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  • Writer's pictureAnnika Pillai

my top reads of 2021

I have read 91 books this year (not quite enough for my Goodreads goal of 100 books, ugh), and I can really only pick out six books that I have given five stars. I don’t know if I am just a really picky reader, or if I have picked out some not-so-great books to read this year, but I thought that I would go the six books that I have read this year, that have actually been good.

Dear Aaron by Mariana Zapata

Probably my best book of this year has been Dear Aaron––and I’m going to preface this by saying, I know this book is not going to be for everyone. Out of all of Mariana Zapata’s books, Dear Aaron, is probably not her most known, or popular release, but I ate this book up.

This story follows Ruby and Aaron––Aaron is currently enlisted in the military, and Ruby is writing letters to him, which is how their relationship starts to build. A good 50% of this book is told only through emails and texts, which I think is why a lot of people did not like this book, but I really did not mind. I really enjoyed seeing the slow development of Ruby and Aaron from strangers-to-friends-to-lovers. Mariana Zapata is the queen of slow burn, and this book was no different.

I think that another reason I enjoyed this book so much was because of how much I related to Ruby––she was a very anxious heroine, and certain aspects of her character was really relatable to me. I will once again stress that I don’t think everyone will love this book, so perhaps read other reviews from other’s before starting, but I highly recommend.

Rating ➳ 5/5 stars

(tw: death, panic attacks, racism)

Twice Shy by Sarah Hogle

The second book on my list is Twice Shy by Sarah Hogle, the author of You Deserve Each Other. This book follows Maybell and Wesley. When Maybell inherits a house from her Great-Aunt Violet she is very excited, because she desperately needs a fresh start. However, when she arrives, she finds out that the house is falling apart––not only that, but she also has to share the house with Wesley, a groundskeeper and a huge grouch. Due to their forced proximity, the two slowly begin to form a tentative friendship, which eventually leads to something more.

I thought that this was so cute! Maybell was a great heroine, and I loved the anxiety representation in Wesley’s character––you rarely ever see male anxiety representation, especially in romance, so I just loved reading about him.

Obviously this book is a traditionally published romance, and naturally it is on the more tame side for a romance novel, but I just thought that the romance was so sweet and wholesome to read about, and I honestly cannot recommend this book enough.

Rating ➳ 5/5 stars

(tw: anxiety, panic attacks, mental illness, grief)

Regretting You by Colleen Hoover

Now, this book is actually a pretty surprising inclusion, since I really haven’t loved that many Colleen Hoover books––and to be honest, I don’t even know why I like this book so much. I think part of it may be because I read this book over the summer, during my vacation in Seattle, so I more or less have really good memories reading this book. I actually brought this book with me on a boat, when we went whale-watching, so it was just a really pleasurable experience all around.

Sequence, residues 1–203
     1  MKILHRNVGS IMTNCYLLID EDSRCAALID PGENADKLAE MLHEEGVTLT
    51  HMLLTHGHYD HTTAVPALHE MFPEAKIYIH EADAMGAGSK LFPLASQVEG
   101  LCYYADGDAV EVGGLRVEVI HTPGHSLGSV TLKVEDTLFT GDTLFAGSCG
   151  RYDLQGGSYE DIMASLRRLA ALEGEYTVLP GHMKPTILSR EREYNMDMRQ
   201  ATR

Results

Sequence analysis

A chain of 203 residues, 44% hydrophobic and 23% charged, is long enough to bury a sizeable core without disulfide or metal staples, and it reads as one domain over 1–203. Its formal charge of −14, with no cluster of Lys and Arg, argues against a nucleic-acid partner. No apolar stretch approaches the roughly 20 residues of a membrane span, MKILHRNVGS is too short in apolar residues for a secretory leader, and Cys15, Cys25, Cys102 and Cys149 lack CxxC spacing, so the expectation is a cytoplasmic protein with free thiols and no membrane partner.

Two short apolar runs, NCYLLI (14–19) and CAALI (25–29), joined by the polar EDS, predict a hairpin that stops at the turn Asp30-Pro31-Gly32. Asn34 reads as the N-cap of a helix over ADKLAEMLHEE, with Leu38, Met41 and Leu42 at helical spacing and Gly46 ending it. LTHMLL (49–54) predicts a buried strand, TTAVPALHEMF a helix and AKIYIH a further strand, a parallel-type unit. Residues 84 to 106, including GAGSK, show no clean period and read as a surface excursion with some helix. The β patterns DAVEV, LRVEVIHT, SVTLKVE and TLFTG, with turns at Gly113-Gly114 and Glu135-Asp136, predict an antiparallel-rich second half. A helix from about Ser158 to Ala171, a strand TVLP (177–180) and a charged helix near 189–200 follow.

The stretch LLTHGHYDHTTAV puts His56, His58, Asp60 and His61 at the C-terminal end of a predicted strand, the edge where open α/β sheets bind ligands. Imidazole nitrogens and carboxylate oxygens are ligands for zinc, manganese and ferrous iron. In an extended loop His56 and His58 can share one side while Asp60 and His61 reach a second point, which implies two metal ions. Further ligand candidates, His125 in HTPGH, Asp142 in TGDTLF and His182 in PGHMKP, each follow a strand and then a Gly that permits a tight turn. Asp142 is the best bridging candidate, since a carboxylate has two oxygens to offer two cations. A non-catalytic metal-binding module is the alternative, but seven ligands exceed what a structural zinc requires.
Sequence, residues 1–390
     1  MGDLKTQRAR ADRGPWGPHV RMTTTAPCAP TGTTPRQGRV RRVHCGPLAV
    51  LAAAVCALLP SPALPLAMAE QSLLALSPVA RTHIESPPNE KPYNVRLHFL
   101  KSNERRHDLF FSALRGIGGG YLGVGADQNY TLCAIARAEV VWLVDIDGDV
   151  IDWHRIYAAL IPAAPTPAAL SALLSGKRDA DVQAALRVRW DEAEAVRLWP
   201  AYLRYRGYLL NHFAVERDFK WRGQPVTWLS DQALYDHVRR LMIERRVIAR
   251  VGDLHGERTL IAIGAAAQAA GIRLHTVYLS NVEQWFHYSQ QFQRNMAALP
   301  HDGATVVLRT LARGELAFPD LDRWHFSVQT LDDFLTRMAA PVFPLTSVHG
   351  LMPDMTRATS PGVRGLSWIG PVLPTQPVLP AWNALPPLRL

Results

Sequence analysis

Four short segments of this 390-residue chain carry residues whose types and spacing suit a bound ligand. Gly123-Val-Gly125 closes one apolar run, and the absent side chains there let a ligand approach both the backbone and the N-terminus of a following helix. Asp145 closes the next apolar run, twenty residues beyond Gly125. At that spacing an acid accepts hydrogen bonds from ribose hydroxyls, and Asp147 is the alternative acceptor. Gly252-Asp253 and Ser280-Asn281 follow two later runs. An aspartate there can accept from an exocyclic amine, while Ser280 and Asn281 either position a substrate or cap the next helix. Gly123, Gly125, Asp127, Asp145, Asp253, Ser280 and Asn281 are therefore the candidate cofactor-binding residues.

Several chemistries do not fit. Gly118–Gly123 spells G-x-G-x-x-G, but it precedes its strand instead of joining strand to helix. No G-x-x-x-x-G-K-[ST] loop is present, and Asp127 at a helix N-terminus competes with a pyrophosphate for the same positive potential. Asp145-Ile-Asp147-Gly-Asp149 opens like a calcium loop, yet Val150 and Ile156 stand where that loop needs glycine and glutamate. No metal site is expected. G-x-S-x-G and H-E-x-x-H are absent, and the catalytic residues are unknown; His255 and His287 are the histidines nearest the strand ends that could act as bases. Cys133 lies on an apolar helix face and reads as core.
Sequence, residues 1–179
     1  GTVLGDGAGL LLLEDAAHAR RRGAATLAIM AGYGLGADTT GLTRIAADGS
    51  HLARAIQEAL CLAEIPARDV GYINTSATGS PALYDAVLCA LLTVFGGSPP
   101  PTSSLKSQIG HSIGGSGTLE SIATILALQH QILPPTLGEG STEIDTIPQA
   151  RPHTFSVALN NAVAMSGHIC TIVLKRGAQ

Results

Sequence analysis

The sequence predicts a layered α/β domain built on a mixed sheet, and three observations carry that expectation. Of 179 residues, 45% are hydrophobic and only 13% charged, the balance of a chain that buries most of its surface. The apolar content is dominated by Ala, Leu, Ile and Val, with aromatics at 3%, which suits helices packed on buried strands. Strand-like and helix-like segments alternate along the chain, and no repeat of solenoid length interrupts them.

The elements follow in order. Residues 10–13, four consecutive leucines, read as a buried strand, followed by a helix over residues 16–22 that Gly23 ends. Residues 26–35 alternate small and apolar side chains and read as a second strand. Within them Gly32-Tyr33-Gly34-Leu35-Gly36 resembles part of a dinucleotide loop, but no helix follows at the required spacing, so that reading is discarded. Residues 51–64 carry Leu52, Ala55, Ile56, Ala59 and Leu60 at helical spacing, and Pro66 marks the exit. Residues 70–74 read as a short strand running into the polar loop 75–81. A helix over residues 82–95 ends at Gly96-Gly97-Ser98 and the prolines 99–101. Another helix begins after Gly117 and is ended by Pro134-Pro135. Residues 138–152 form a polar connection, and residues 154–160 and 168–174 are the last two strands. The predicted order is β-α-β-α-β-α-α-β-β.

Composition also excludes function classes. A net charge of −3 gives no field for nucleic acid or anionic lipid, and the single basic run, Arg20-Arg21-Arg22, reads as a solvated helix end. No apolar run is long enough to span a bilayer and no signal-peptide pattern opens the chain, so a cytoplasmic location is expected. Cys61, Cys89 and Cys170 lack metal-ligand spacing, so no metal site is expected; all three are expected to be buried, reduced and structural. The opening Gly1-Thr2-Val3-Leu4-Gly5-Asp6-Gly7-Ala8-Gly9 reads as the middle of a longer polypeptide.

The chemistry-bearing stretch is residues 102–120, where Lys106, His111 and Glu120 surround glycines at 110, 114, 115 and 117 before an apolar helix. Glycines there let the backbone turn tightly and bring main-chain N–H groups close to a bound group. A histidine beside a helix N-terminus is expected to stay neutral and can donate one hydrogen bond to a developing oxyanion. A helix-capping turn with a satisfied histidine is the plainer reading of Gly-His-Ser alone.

The story follows Morgan, and her daughter Clara. Morgan had Clara when she was really young––still in high school, in fact––and ended up marrying her high school sweetheart. Things are going really well, until Clara’s father passes away in a tragic accident. While struggling to cope with this new reality, Morgan finds comfort in the last person she expects to, and Clara turns to the one boy she’s been forbidden to see.

I wouldn’t quite exactly classify this book as a romance––more so as women’s fiction––but there are two romantic subplots in this book that I thoroughly enjoyed. Like I mentioned earlier, I can’t quite pinpoint why I enjoyed this book so much, but something about reading about Morgan’s character arc, how she coped with this loss, and her relationship with her daughter was very interesting, and raw to read about––and the romance was pretty great as well.

Honestly, as someone who doesn’t always love Colleen Hoover’s books, this one was pretty good, and one that I’d actually recommend.

Rating ➳ 5/5 stars

(tw: car accident, death of a parent, grief, infedelity)

The Chase by Elle Kennedy

The fourth book on my list is The Chase by Elle Kennedy––now, I actually read this book a little bit before the whole Off-Campus trend hit TikTok, and I never really did read the Off-Campus series either. I kind of just picked this book up on the whim, after seeing it was free on the kindle store, and decided to read it and I really enjoyed it!